David Rieder and Matthew Levy
3, No. 1, Fall 2000
About the Authors
Table of Contents
For several reasons, the allusion to two-faced Janus on the front cover seems an appropriate figure for this issue. For one, the issue was developed during the rise and fall of the Y2K frenzy. As the god of gates and doorways, beginnings and endings, Janus symbolizes change and transition, two themes inextricably associated with this "millenium issue."
Furthermore, like many projects characterized as post-something, there is an indebtedness to the past in the act of looking forward. To borrow a term from N. Katherine Hayles, Janus' two faces evoke the skeumorphic logic of our digital lives. Change comes so quickly, from where would we draw the rhetorical means to represent it? We have no recourse but to appropriate inherited images and rhetorical structures, like the file folders represented on the desktop of a computer, which are no less useful for being inappropriate. The technologized two-faced Janus at the gateway to this issue underscores the debt to the past owed of every forward-looking gesture.
Finally, Janus recalls a nonlinear cultural logic often repressed in our Western philosophical tradition, a logic which allows for eruptions and emergences. According to Ovid, Janus was known as Chaos when the four elements (air, fire, water, and earth) were still a formless mass. As the elements separated, Chaos took the form of Janus, but her two faces continue to represent the confusion of her original state.
Techno-Janus does not proceed by way of identification, non-contradiction, and the excluded middle. As Victor Vitanza argues in Negation, Subjectivity, and the History of Rhetoric, "There are a number of ways of thinking about identification. The one that I'm against is by way of the negative. You see, I, instead, identify with the third man/woman, or the excluded middles" (21). Vitanza cites Donna Haraway, from her "A Manifesto for Cyborgs":
Cyborg politics insist[s] on noise and advocate[s] pollution, rejoicing in the illegitimate fusions of animal and machine. These are the couplings that make Man and Woman so problematic, subverting the structure of desire, the force imagined to generate language and gender, and so subverting the structure and modes of reproduction of Western identity, of nature and culture, of mirror and eye, slave and master, body and mind.
Vitanza concludes, "So, I'm very interested in excluded thirds (or middles, or muddles). . . . I search for third subject positions-that-would-not-be positions" (22).
So are the writers in this issue.
The muddled face of our techno-Janus expresses the potentialities that digital technologies make manifest today. As Nick Land outlines in an article entitled "Circuitries," digital technologies are "irreducible to the traditional political conception of power based on a dyadic master/slave relation." And as described by thinkers as different as Kevin Kelly and Gregory Ulmer, digital technologies epitomized by the logic of the network necessitate a new way of thinking about the economy, nature, and even disciplinary knowledge. Our new approaches hope to be Janus-like third positions that rejoice in these 'illegitimate fusions.'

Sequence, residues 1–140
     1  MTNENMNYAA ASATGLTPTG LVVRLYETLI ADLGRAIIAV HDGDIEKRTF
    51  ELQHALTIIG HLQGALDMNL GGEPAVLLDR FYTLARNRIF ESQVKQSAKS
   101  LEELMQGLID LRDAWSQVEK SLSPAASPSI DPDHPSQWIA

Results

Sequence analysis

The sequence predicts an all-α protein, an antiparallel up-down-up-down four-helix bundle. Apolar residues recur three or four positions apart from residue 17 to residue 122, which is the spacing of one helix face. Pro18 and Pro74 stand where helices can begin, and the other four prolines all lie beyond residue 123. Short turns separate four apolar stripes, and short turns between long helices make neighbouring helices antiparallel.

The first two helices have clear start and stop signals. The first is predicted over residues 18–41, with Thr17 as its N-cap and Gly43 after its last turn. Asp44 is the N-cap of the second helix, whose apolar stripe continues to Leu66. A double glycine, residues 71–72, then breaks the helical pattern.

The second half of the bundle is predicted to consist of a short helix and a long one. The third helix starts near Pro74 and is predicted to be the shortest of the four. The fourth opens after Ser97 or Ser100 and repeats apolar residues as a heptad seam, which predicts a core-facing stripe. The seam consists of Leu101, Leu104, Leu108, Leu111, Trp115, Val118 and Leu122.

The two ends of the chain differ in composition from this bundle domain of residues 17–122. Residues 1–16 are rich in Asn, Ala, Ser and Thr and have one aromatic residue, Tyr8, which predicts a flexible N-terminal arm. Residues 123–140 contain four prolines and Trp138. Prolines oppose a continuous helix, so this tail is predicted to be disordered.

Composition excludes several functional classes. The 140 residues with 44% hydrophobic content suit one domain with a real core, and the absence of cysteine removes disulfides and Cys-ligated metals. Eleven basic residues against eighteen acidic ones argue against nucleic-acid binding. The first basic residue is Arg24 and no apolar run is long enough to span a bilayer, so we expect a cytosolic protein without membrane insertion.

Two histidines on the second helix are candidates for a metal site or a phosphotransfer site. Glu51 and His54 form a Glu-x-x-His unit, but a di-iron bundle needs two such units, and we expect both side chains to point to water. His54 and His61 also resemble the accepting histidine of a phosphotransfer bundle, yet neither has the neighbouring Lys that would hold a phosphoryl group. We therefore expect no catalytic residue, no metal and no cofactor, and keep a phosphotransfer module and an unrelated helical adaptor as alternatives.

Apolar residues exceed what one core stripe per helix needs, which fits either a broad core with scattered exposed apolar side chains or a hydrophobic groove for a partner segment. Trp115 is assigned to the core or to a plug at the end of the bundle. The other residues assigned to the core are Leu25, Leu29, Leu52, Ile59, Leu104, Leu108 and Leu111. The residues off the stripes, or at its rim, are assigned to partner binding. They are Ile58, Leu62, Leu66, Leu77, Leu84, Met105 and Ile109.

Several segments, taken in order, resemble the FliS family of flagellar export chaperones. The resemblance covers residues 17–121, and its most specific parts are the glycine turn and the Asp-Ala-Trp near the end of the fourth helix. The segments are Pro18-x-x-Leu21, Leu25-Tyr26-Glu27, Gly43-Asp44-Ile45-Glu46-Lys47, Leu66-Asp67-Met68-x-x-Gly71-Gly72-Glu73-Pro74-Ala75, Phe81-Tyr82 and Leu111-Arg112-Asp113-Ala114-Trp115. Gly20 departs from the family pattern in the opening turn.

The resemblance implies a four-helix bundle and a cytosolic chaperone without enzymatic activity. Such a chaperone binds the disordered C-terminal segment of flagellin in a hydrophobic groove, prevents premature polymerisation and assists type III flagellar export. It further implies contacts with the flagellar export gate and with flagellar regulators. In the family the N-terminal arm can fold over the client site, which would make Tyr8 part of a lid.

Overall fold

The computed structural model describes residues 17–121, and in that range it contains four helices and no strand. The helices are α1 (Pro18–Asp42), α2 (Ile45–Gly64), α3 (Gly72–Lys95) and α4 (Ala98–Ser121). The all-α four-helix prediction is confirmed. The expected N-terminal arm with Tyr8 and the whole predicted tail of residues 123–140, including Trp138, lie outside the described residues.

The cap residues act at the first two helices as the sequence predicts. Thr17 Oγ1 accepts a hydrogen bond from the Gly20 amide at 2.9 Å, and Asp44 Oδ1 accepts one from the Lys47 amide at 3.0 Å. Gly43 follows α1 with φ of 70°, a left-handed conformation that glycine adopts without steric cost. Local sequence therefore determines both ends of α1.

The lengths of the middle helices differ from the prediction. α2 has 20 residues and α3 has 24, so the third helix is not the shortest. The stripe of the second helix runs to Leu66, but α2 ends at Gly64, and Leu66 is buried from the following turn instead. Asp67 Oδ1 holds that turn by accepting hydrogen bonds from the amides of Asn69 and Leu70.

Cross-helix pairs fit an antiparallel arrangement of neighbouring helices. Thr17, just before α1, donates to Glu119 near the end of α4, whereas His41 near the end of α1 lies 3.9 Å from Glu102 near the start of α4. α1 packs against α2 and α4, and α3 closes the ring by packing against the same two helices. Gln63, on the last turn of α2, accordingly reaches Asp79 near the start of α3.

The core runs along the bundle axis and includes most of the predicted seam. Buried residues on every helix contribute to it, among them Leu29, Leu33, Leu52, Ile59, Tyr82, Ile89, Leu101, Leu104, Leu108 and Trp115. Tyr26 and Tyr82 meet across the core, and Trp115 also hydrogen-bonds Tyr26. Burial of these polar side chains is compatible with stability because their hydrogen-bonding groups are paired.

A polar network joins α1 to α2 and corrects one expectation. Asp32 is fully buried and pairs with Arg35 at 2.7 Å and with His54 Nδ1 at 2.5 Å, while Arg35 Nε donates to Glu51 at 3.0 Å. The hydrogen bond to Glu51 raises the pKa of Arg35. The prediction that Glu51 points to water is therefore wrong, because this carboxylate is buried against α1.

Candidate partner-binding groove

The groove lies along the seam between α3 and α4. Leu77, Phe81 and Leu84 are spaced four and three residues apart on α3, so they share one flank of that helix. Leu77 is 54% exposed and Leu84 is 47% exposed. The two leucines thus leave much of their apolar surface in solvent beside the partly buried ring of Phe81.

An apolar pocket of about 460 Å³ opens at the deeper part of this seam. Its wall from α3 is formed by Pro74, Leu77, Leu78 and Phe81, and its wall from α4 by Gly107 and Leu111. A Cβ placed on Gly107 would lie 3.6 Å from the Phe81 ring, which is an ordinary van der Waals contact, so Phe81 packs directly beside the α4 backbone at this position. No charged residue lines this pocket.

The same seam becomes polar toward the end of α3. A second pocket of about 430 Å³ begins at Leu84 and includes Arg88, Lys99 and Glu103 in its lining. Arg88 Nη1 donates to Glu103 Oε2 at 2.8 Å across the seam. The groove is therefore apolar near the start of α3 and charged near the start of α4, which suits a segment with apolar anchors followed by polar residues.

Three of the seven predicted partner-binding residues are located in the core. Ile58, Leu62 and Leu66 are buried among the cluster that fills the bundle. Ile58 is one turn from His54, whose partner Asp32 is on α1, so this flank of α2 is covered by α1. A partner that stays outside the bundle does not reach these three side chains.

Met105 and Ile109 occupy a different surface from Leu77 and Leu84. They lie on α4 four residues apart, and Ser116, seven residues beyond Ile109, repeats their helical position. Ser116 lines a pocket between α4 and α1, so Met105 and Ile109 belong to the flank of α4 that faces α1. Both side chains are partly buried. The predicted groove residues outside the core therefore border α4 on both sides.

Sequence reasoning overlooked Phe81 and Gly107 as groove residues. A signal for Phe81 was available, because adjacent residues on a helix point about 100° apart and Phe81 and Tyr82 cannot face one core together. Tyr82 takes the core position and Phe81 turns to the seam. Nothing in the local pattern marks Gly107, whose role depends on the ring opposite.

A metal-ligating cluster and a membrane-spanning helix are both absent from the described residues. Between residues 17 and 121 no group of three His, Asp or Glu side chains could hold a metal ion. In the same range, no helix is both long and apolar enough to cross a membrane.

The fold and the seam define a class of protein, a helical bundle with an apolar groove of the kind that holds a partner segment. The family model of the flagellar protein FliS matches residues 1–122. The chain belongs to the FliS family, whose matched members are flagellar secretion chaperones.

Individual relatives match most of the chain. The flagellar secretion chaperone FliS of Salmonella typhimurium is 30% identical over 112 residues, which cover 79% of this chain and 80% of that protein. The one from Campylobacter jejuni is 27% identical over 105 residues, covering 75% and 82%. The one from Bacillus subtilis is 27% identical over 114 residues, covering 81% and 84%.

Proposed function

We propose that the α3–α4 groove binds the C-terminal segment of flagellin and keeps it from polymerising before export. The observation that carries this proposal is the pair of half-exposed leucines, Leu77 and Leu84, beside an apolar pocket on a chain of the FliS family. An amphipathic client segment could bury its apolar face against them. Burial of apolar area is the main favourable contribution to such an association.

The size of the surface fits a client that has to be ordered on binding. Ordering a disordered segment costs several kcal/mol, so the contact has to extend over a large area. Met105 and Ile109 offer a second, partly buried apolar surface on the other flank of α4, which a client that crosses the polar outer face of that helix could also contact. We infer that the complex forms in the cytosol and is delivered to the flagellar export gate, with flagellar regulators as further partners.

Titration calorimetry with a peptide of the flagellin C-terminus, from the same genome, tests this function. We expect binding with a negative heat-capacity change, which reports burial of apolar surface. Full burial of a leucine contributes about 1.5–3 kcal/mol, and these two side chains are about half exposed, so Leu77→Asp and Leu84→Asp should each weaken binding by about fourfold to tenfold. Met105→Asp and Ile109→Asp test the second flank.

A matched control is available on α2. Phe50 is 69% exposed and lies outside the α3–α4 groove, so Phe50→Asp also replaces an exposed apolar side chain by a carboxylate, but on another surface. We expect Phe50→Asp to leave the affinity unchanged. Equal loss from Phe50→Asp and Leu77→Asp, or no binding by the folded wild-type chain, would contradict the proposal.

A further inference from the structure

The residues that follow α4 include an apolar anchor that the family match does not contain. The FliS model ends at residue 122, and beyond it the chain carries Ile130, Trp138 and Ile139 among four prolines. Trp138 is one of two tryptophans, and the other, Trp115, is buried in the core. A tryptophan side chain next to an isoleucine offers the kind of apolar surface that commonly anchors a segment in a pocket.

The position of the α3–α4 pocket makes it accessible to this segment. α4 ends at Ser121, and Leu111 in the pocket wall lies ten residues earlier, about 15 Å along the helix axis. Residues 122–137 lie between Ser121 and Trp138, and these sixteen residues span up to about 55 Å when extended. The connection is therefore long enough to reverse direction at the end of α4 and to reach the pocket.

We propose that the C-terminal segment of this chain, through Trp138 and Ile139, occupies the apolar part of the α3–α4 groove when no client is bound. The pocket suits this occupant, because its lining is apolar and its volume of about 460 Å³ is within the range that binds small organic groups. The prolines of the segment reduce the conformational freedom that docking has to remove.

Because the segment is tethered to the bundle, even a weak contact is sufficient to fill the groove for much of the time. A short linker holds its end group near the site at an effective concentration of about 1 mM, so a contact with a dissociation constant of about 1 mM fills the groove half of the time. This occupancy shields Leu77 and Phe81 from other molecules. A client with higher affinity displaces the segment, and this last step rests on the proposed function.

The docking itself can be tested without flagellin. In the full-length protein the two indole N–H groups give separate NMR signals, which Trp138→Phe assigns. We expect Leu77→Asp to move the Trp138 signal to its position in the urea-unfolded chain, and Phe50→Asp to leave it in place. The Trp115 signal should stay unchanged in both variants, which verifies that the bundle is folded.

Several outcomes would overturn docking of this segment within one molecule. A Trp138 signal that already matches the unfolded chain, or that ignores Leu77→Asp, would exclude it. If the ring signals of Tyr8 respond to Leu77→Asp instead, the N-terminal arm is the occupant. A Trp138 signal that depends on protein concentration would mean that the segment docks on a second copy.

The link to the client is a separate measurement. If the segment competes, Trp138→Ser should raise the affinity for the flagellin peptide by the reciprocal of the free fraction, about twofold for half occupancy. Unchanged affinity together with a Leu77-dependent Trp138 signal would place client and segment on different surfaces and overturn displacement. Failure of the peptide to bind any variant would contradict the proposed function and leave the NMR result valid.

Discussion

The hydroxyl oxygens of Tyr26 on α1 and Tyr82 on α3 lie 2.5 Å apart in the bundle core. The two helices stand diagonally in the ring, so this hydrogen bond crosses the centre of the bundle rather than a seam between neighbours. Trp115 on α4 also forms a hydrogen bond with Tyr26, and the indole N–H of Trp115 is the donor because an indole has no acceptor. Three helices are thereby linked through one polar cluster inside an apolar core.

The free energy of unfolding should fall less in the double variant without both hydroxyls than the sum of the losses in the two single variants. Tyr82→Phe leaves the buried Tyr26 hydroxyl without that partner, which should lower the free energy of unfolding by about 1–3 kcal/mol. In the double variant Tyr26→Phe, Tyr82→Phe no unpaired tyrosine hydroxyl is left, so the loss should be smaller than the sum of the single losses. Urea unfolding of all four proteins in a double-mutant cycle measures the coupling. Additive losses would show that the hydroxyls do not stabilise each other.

With all of this in mind, a post-digital issue requires the study of a wide range of topics in order to resist the binary trap of disciplinary identities positioned "before" or "after" the impact of the computer. Yet, in line with Vitanza, Haraway, and Land, we favor a disciplinary approach that is unafraid to engage in "cybernautic drift," Land's phrase for the schizoid desire these soft technologies make available to us.
For some, a call for post-disciplinarity will be read as a call for interdisciplinarity. We are aware of Stanley Fishıs take on interdisciplinarity in Professional Correctness. Fish observes that dismay at specialization and the fragmentation of knowledge motivates most calls for interdisciplinarity, which rest on the assumption that the constraints imposed by disciplines could be overcome. Fish reminds us that disciplinary restraints are not merely responsible for what we canıt see, but enable whatever we do.
The positing of an extra-disciplinary place from which we can pick and choose from the disciplines depends on a faith in a nonspecific generalized language game or some common human capacity of Reason that can override the competing claims that emerge from the contingencies of situatedness. We hold with Fish that there is no metalanguage and there is no abstract Reason capable of neutrally adjudicating between interests.
Nevertheless, disciplines stretch, morph break off and found new directions. If Fish is right that disciplinarity is inescapable in the academy, then we advocate a multiverse of single-member disciplines. At one point or another, every article/project in this issue partakes of the chaotic spirit of Janus, as they reevaluate our past projections of digitality and imagine a post-digital future. In the spirit of techno-Janus, we hope that you, too, will enjoy this issue of Enculturation.
Fish, Stanley. Professional Correctness: Literary Studies and Political Change. Oxford: Oxford UP, 1995.
Land, Nick. "Circuitries." Deleuze & the Transcendental Unconscious. Ed. Joan Broadhurst. Warwick, UK:PLI, 1992. 217-235.
Vitanza, Victor. Negation, Subjectivity, and the History of Rhetoric. NY: State University of New York Press, 1996.
Copyright İ Enculturation 2000
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